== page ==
Virtual Environmental and Humanitarian Adviser Tool – (VEHA Tool) is a tool
to easily integrate environmental considerations in humanitarian response. Field Implementation guidances are useful for the design and execution of humanitarian activities in the field.
Water pollution can affect people’s health. Bacterial, viral and parasitic diseases like typhoid, cholera, encephalitis, poliomyelitis, hepatitis, skin infection, and gastrointestinal diseases can spread through polluted water increasing the probabilities of overloading the capacity of excreta management systems due to diarrhoeal and vomiting cases. This impacts efficiency and capacity (that is increased amount of excreta generated due to health burdens).
In addition, proximity between water tubewells and latrines, soil porosity, ground water table, topography, drainage, and stability of slopes, may result in pollution of wells from surface water, sewage, sludge, solid waste leachates, chemical spills, etc and subsequent sickness or disease.
People who have less power in communities are usually those who are served by the worst infrastructure. Septic tank and cesspit overflows, storm spillages, and failure of sewerage networks are more likely to impact the poor and vulnerable greatest.
Loss of biodiversity and ecosystems
Water and soil pollution due to spills caused by underestimation of waste production.
Changes in the number of people using a sanitation system impact the estimated lifetime of its components. For example, if there is a sudden increase in population, elements such as pits, vaults, or tanks may fill faster than they were designed for, which may lead to spills of harmful waste into the surrounding environment.
While precipitation events may dilute the concentration of contaminants, rain can also wash septage into water bodies, wells, ecosystems, or areas of human activity, contaminating them with disease-spreading faecal coliforms.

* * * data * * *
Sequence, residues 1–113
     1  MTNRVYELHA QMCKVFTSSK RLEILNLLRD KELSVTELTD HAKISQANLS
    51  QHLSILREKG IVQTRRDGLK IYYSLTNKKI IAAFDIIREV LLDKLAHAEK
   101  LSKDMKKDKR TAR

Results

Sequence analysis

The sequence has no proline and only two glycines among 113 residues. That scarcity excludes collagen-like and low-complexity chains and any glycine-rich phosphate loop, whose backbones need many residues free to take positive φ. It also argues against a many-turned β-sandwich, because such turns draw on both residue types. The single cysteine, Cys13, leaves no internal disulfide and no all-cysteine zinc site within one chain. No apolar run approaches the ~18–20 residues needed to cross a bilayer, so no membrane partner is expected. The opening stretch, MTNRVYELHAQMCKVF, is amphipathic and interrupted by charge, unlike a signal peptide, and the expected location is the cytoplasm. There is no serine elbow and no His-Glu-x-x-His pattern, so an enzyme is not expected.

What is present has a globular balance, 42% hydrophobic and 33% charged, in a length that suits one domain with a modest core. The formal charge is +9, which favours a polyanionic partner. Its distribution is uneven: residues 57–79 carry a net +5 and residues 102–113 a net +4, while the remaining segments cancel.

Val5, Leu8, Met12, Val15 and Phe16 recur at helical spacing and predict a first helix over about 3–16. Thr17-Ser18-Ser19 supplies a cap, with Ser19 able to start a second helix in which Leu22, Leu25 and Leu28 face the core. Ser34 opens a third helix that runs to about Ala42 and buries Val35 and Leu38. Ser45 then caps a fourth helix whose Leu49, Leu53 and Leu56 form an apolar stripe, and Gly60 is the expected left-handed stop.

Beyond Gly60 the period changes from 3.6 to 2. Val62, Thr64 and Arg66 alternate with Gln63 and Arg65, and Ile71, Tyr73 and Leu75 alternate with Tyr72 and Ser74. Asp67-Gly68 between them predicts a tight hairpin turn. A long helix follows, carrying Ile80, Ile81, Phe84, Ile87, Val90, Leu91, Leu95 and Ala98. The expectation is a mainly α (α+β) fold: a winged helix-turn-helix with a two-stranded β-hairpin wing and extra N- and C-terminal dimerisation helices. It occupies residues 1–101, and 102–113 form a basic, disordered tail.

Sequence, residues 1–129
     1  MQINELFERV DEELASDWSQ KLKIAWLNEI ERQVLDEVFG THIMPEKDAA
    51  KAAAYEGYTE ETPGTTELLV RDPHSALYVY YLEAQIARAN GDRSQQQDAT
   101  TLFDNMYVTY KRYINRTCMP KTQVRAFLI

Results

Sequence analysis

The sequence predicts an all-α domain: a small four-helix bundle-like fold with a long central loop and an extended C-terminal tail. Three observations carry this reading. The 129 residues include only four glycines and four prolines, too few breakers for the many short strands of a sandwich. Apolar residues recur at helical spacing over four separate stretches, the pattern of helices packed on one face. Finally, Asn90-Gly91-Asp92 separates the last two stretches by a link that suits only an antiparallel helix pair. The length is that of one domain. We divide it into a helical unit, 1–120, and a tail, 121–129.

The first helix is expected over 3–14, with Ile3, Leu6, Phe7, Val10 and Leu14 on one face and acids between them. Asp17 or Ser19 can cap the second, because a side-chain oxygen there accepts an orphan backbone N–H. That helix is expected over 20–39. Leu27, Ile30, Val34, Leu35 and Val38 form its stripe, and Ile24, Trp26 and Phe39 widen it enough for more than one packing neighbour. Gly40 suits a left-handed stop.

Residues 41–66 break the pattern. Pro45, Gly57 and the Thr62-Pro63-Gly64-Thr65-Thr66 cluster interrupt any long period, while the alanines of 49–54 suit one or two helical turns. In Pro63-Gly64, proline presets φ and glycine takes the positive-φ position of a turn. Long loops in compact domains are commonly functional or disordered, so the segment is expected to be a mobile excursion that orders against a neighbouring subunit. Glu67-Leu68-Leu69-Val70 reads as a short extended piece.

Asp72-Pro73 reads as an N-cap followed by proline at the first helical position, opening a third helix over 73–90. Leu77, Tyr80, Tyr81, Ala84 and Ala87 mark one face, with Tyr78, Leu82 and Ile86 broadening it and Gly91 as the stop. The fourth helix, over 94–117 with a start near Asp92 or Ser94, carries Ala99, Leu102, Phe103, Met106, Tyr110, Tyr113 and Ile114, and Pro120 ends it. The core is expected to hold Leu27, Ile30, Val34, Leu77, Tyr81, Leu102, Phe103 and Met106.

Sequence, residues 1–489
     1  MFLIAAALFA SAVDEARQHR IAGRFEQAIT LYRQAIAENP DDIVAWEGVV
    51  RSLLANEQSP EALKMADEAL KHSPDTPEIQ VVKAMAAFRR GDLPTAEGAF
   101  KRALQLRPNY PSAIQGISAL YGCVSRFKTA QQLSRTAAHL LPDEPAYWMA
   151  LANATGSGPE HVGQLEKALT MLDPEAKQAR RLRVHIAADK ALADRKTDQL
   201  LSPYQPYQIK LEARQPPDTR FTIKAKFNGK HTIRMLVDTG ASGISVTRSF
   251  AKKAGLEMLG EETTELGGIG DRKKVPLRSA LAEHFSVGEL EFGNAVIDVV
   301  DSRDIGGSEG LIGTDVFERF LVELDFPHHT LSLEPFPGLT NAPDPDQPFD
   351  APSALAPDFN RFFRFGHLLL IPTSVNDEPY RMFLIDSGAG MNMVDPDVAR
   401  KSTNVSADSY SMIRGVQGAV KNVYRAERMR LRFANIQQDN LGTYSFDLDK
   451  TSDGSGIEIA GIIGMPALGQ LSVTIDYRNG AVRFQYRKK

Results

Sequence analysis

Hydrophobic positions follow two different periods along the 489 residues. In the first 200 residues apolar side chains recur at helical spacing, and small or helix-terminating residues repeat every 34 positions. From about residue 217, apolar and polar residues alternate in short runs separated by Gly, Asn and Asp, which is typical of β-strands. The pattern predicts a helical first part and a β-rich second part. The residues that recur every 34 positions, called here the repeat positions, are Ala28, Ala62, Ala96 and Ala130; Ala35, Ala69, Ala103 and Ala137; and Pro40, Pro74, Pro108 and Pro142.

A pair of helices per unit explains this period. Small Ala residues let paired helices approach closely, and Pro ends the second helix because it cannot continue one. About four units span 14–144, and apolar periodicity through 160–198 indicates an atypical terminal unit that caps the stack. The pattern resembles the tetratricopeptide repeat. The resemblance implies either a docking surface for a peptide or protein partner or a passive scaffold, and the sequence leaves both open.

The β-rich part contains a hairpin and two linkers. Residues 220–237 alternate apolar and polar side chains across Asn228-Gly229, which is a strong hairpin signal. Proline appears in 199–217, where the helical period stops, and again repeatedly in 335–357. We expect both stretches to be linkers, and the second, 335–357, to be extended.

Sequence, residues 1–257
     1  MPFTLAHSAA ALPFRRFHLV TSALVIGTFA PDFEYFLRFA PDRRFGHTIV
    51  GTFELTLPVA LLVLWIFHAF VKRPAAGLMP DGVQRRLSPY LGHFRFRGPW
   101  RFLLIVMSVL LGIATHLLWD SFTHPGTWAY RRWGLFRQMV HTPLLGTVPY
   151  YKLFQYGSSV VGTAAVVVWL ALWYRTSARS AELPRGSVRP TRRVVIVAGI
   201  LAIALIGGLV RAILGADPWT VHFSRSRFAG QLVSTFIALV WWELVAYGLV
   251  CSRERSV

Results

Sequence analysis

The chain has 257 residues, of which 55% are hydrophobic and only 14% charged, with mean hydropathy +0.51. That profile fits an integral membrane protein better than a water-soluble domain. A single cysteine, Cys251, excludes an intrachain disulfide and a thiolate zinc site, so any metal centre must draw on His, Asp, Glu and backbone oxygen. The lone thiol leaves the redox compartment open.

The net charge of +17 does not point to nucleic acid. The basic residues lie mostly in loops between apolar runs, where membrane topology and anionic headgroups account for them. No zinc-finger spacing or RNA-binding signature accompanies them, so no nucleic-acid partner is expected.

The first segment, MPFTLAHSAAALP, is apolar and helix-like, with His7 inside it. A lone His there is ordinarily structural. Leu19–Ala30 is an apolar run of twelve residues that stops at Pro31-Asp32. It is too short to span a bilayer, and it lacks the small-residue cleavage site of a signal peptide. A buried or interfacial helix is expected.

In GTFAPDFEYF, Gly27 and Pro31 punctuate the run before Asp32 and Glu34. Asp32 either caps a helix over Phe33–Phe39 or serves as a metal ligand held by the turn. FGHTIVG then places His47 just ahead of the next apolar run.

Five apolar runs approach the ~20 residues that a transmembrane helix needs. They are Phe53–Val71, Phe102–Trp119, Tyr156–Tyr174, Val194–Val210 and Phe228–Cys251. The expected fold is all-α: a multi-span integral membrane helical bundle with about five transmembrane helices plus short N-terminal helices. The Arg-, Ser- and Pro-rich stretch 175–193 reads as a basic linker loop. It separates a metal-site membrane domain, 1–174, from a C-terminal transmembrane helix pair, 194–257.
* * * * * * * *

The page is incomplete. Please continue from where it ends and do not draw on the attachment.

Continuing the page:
Estimate usage and size accordingly, with intentional spare capacity.
The design of the systems should consider the likelihood of any possible future massive influx of people and any pendular effect on the sanitation systems. Sizing should also be calculated for low flows because low flows can cause sewage treatment processes to fail due to lack of nutrient loads needed for the biological process. Similarly, peak flow rates from precipitation events should be considered, and wherever possible stormwater should be separated from wastewater containing human faeces.
For the most-at-risk zones, design emergency containment structures that can safely collect and transport spills or overtopping materials to an impervious container until they can be safely managed.
In Bangladesh, there has been insufficient capacity to treat sewage and septage, and a lack of capacity to remove and treat sludge from sewage treatment facilities. This has led to much sewage being insufficiently treated and ground water pollution. This is being addressed with the gradual provision of water supply networks.
The sanitation system has been designed to minimise the likelihood of sewage overflow.
Prevention of environmental damage
Time to estimate usage and size accordingly, with intentional spare capacity.